Environmentalism of the poor By Sunita Narain For many disadvantaged communities in developing countries, ecological issues are not a matter of luxury, but a matter of survival. In India, protests and social movements are expressing these worries. All over India … Continue reading

Posted in Accountability, Adivasi / Adibasi, Adverse inclusion, Biodiversity, Colonial policies, Commentary, Customs, Democracy, Ecology and environment, Economy and development, Forest Rights Act (FRA), Globalization, History, Media portrayal, Misconceptions, Modernity, Organizations, Quotes, Revival of traditions, Rights of Indigenous Peoples, Rural poverty, Video resources - external, Worship and rituals | Comments Off on Video | Environmentalism of the poor: “Ecological issues are not a matter of luxury, but a matter of survival” – Centre for Science and Environment – Delhi

“Give life to the constitutional ideals”: How to combat oppression and cruelty faced tribes – B R Ambedkar Memorial Lecture by Supreme Court Judge

Tribals are subject to oppression and cruelty even after independence and still picked up by the investigating officers to cover up shoddy investigations, Supreme Court Judge Justice D.Y. Chandrachud said on Monday. Justice Chandrachud was speaking at the 13th B … Continue reading

Posted in Adverse inclusion, Colonial policies, Commentary, Constitution and Supreme Court, Democracy, History, Misconceptions, Nomadic and Semi-Nomadic Tribes, Organizations, Press snippets, Quotes, Rights of Indigenous Peoples, Scheduled Tribe (ST), Tips | Comments Off on “Give life to the constitutional ideals”: How to combat oppression and cruelty faced tribes – B R Ambedkar Memorial Lecture by Supreme Court Judge

Tip | How many ‘Scheduled Tribes’ are there in India? And what distinguishes them from other communities? (‘tribal’ or otherwise) – Information provided by the National Commission for Scheduled Tribes

There are over 700 tribes (with overlapping communities in more than one State) which have been notified under Article 342 of the Constitution of India, spread over different States and Union Territories of the country. The largest number of main … Continue reading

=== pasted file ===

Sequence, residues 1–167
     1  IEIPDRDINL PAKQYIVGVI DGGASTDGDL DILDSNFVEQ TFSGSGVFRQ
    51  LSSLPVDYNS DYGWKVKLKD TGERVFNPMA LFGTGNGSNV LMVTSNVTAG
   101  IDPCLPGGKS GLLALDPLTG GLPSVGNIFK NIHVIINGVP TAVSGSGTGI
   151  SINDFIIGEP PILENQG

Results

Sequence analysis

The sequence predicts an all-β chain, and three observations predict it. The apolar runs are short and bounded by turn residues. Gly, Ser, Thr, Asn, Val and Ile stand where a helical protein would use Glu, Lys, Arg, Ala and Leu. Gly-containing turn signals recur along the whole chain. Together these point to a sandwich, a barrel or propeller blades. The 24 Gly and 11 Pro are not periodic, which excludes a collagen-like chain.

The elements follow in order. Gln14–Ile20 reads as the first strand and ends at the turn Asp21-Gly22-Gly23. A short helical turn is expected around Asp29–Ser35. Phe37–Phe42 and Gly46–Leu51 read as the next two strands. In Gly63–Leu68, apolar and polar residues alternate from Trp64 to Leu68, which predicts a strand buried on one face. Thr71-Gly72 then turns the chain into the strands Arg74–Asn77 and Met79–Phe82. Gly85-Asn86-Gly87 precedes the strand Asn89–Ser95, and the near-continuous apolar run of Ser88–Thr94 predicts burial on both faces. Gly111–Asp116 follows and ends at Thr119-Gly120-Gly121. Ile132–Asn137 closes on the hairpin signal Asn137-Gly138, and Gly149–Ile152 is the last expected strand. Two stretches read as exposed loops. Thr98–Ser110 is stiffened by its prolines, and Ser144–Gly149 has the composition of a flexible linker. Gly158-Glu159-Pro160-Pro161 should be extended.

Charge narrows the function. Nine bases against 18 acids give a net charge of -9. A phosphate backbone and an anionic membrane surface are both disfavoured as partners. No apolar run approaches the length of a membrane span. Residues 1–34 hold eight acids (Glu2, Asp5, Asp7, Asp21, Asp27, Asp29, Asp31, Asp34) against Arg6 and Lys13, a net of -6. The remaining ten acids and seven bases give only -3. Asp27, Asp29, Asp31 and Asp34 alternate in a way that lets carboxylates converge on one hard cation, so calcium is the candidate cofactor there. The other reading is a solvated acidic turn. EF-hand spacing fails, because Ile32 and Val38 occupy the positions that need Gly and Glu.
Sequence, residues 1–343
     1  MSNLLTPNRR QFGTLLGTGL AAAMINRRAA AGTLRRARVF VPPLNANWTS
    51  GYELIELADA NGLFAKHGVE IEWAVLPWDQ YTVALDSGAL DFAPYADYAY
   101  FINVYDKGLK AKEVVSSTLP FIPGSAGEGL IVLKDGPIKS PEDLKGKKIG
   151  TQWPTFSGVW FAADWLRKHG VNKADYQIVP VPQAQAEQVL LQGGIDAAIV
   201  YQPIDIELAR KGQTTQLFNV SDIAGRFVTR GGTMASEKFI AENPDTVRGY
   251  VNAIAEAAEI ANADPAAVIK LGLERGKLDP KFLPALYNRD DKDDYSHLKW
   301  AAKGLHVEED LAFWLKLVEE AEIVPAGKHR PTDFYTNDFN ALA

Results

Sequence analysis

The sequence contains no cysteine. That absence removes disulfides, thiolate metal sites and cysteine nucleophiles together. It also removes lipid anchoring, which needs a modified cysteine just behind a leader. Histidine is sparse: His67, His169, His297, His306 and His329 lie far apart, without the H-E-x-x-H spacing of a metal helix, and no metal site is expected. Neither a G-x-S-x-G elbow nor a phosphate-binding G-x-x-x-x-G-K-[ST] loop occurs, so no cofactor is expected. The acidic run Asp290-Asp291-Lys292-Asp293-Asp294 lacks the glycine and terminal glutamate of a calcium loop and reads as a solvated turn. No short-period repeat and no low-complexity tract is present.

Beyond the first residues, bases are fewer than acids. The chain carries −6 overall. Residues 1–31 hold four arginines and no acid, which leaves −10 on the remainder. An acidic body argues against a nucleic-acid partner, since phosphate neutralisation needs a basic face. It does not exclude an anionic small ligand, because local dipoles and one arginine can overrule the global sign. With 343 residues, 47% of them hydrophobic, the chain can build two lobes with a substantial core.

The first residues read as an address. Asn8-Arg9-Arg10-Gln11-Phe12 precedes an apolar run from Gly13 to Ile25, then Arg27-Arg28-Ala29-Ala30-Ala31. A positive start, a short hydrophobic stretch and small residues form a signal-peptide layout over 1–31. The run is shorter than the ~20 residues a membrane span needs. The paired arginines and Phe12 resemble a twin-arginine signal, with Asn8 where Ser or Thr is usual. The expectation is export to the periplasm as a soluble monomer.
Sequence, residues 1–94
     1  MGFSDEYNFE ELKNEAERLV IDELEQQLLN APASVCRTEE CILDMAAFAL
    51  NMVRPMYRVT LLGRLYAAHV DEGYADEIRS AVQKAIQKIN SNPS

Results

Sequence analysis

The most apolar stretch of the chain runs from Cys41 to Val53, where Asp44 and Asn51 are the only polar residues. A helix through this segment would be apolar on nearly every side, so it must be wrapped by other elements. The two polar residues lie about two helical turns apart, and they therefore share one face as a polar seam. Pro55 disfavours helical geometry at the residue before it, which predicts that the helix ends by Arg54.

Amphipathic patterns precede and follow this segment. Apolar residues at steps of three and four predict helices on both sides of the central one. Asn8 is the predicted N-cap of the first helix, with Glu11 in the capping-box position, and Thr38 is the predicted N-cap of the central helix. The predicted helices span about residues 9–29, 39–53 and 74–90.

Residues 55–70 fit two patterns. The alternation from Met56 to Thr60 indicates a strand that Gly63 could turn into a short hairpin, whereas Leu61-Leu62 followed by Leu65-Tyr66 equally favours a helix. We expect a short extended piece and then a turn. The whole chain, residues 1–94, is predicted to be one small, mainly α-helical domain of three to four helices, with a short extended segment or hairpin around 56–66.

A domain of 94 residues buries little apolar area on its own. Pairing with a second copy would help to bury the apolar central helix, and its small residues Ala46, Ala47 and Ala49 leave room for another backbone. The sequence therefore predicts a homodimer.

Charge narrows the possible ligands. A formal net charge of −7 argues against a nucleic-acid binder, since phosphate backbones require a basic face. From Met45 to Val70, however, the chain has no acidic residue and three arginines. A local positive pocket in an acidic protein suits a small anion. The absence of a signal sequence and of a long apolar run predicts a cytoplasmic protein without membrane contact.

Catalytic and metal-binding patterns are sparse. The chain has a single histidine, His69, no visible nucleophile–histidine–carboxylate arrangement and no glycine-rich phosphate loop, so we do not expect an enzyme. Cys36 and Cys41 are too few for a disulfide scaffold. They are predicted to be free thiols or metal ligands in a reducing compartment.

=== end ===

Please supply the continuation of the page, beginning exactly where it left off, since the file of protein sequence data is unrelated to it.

Posted in Assimilation, Constitution and Supreme Court, Democracy, Economy and development, FAQ, Figures, census and other statistics, Government of India, History, Organizations, Quotes, Regions of India, Resources, Rights of Indigenous Peoples, Rural poverty, Scheduled Tribe (ST), Tips | Comments Off on Tip | How many ‘Scheduled Tribes’ are there in India? And what distinguishes them from other communities? (‘tribal’ or otherwise) – Information provided by the National Commission for Scheduled Tribes

Adivasis’ world view: A truly sustainable lifestyle – Comment

Adivasi people: proud not primitive | Read the full article >> […] Defining what’s special about India’s adivasi or indigenous people is complicated. People, mostly anthropologists and human rights defenders, who know adivasis and have worked closely with them, also tend … Continue reading

Posted in Accountability, Adivasi / Adibasi, Anthropology, Assimilation, Commentary, Community facilities, Customs, Ecology and environment, Figures, census and other statistics, Government of India, History, Media portrayal, Misconceptions, Modernity, Names and communities, Nature and wildlife, Nilgiri, Organizations, Poetry, Quotes, Revival of traditions, Rights of Indigenous Peoples, Topics and issues, Tourism, Women | Tagged | Comments Off on Adivasis’ world view: A truly sustainable lifestyle – Comment

eBook | Jawaharlal Nehru’s “five principles” for the policy to be pursued vis-a-vis the tribals

Jawaharlal Nehru [1889–1964, first Prime Minister of India] formulated the following five principles for the policy to be pursued vis-a-vis the tribals: (1) People should develop along the lines of their own genius, and the imposition of alien values should … Continue reading

Posted in Accountability, Adverse inclusion, Anthropology, Assimilation, Colonial policies, Commentary, Community facilities, Constitution and Supreme Court, Customs, Democracy, eBook eJournal PDF, Economy and development, Education and literacy, Figures, census and other statistics, Forest Rights Act (FRA), Gandhian social movement, Government of India, History, Literature and bibliographies, Modernity, Press snippets, Quotes, Rights of Indigenous Peoples, Rural poverty, Scheduled Tribe (ST), Tribal identity | Comments Off on eBook | Jawaharlal Nehru’s “five principles” for the policy to be pursued vis-a-vis the tribals